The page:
Whatever my faults, let me also be clear about this: at no point did I violate my oath of office. Throughout, I remained the professional that I was trained to be. I honored my promise—which I made when I was first sworn into the FBI—to support and defend the Constitution of the United States against all enemies, foreign and domestic. Nothing, least of all my personal political opinions, affected my ability and willingness to carry out the task before me and my colleagues.

My patriotic compass and sense of duty dictated the path that I followed, which was to pursue the facts where they lay—and in the summer of 2016, the trail of evidence had led us to confront a question no law enforcement or intelligence officer would want to contemplate: does the president of the United States pose a national security threat? That was not something I relished doing; what public servant would? But when duty called, I answered. That same devotion to country guided everyone I worked with, and they would have accepted no less in me.

Since leaving the FBI in the late summer of 2018, I have often been dismayed by the small number of thoughtful governmental voices speaking out about the national security and counterintelligence threats that I helped to identify and investigate during my time at the Bureau, which have only grown in severity and prominence since my departure. The conclusion of special counsel Robert Mueller’s work, the continued attacks by the administration on the FBI and the intelligence community, and the pattern of Trump’s behavior that ultimately led to an impeachment investigation all have strengthened my desire to speak out—and to make the record clear as to why the FBI sought answers to legitimate questions about the Russian connections to first a presidential campaign and then a presidential administration. And clarity on this point is essential, not merely for rehabilitating the reputation of the FBI, but also for shoring up the defenses of America as a whole. Because the threat from Russia did not disappear with Trump’s election. If anything, it has grown.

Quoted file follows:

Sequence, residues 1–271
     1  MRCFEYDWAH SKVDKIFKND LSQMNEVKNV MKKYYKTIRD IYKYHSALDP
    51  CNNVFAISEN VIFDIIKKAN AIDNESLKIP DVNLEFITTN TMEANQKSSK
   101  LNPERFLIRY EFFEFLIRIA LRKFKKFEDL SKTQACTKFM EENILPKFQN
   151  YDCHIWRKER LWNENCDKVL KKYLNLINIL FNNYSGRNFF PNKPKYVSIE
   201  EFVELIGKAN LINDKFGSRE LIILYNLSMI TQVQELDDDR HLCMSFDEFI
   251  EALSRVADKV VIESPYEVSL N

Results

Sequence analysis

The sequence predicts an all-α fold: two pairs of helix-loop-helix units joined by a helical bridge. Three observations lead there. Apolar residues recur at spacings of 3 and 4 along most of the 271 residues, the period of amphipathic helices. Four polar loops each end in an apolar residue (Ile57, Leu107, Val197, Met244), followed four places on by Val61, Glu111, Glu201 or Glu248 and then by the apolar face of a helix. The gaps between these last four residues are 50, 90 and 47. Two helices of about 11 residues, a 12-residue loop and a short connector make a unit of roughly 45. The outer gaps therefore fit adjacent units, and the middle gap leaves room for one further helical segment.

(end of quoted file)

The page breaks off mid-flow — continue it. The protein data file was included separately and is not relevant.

If my upbringing impressed on me the strength of our democracy, it also showed me, time and again, how quickly a law-based moral order can collapse if good people do nothing. My counterintelligence work over six presidential administrations—Republican and Democratic—gave me a profound understanding of the perennial work of foreign nations like Russia to undercut the U.S. government.

My life and two decades of service also provided me with experience to understand the unprecedented threat of the Trump administration. Specifically, they gave me an in-depth understanding of how foreign intelligence services manipulate American citizens to serve the interests of other nations rather than our own—something Trump appeared to be doing a lot as he maneuvered his way toward and then into the White House.

Throughout the campaign, the election itself, the lame-duck session afterward, and the period following his inauguration in January 2017, Trump’s behavior parroted the Kremlin line. He questioned the value of NATO and America’s strategic western European engagement. Not for the last time, he actively advanced the theory that someone other than Russia had interfered with the 2016 election. In response to an interviewer’s assertion that

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What people think about Compromised

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  • (1/5)
    Scribd is a liberal frenzy fest! I bet they can’t wait for Cuomos book. How embarrassing. Anything for money right!
  • (1/5)

    2 people found this helpful

    The last line of the description is interesting given the Bidens are in bed with China.

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    4 people found this helpful

    This is a book written by a criminal who betrayed the entire nation by lying to the FISA courts in order to sabotage an incoming duly elected president. Russia gate was fake. This man should be in federal prison eating roaches. I’m offended that this would be carried by scribd

    4 people found this helpful

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    2 people found this helpful

    To Echo Kady, this book is a continuation of a pseudo-reality that will continue to bolster the position that "Trump" is a national security threat. By negating reality, you allow for MSM, ideological Facebook minions and other pseudo-reality carriers to develop/control the talking points and, through political warfare, eliminate the Truth.

    If anything, take note that this book isn't of national interest, this is rent seeking at the highest level. You could say, this is information control and a misrepresentation of facts with a narrative to negate reality.

    To take this a step further, go read Stephen Coughlin's work on his website, Unconstrained Analytics. The big one, "Re-Remembering the Mis-Remembered Left: The Left’s Strategy and Tactics To Transform America."

    2 people found this helpful